The journey will be very pretty, as these games are getting better and better looking with each entry. The town in particular is amazing, I probably spent more time looking at it than interacting with its citizens. Special mention goes to Alex's facial animations, this is the best stuff the developer has ever done. I should note this is at the cost of everyone else, supporting characters Charlotte and Mac look like they walked out of a different game and Alex's friend Ryan NEVER looks in focus no matter the scene. Most of the budget must have gone into the graphics rather than the soundtrack, as this is the most disappointing playlist of the entire series. Life is Strange games are legendary for their soundtracks, all of which I still listen to this day. True Colors is full of easily forgettable tracks, and for some reason they supplement this with covers of vastly popular songs that dwarf everything else being played. Very bizarre decisions all around.
You're looking at least 12 hours to finish the story, but this can easily be doubled if you take the time to smell the roses or play the multiple arcade machine cabinets dotting the landscape. The achievements are the standard Dontnod list of "Complete X Chapter" and "Find X Collectible" with a couple of random "Help This NPC" ones thrown in. All the collectibles are extremely easy to find, there are only a handful you might have to look up a video or guide to find. They add very little to the story, as most of them have nothing to do with anything so just feel like more padding in an already overly padded story. This is everything I have to say about the game in a non-spoiler fashion, I found it very boilerplate and HORRIBLY overpriced for what we got.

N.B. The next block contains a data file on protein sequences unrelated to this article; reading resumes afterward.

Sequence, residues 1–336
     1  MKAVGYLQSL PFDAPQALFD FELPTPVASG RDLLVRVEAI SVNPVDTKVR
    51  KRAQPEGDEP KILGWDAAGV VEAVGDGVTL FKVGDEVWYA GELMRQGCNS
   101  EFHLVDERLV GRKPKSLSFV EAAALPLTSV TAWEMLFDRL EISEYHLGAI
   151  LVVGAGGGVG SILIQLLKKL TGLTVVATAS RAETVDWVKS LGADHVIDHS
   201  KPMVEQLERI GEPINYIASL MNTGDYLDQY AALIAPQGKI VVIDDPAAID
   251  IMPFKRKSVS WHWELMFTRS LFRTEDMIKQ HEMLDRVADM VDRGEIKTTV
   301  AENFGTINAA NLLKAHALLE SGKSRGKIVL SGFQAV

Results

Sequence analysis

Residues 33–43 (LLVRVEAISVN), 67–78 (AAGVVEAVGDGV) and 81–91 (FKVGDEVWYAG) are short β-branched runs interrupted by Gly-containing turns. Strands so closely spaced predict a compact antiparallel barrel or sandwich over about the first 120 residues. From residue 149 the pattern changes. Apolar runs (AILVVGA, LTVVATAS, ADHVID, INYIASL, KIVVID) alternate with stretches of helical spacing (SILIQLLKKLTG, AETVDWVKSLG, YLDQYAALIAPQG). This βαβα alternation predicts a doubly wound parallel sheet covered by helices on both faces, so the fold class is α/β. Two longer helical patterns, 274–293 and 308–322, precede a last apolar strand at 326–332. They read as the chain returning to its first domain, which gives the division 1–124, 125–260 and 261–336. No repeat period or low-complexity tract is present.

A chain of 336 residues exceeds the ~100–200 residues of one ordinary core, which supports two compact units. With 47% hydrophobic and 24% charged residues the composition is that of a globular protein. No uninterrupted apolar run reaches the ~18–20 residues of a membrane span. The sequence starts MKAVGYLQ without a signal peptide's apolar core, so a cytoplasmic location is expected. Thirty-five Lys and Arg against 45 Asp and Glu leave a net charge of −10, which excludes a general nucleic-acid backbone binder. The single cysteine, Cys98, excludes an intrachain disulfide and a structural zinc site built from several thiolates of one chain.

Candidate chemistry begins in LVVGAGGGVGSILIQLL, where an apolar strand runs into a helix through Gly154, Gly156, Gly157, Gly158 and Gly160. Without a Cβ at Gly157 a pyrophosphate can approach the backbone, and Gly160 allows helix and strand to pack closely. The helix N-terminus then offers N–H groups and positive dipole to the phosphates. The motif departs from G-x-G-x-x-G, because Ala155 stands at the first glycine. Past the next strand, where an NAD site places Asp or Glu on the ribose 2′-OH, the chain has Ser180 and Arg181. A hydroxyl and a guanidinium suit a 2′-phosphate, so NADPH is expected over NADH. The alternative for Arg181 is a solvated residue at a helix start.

2/5 stars: Weak characters in a weaker story with disappointing gameplay.
And now onto the spoiler version of this review (everything will be spoiled, read on at your own risk):
In 2020, Dontnod released a game called Twin Mirror which could have easily taken place in the Life is Strange universe. It was a third person adventure game featuring a protagonist with supernatural abilities coming back to a Dontnod Small Town(TM) and quickly getting embroiled in a possible mystery. Early on he meets an annoying kid who loves to draw, the only Black female in the entire town, a cop that may or may not be crooked, and the town elder who is SO nice and kind and totally not the bad guy. He attends a wake that erupts into violence, goes through several trippy psychological sequences spurred on by his abilities, culminating in an ending where he has to go through his past memories in order to come to terms with who he really is. Along the way he also hunts for collectibles that kick off small memory sequences we are able to view. The game concludes with the main character having to make the grand decision of stay in the town or leaving it. Does any of this sound familiar? The entire duration of the game I couldn't help but wonder if True Colors was just a repurposed early draft of Twin Mirror, the similarities are that distracting.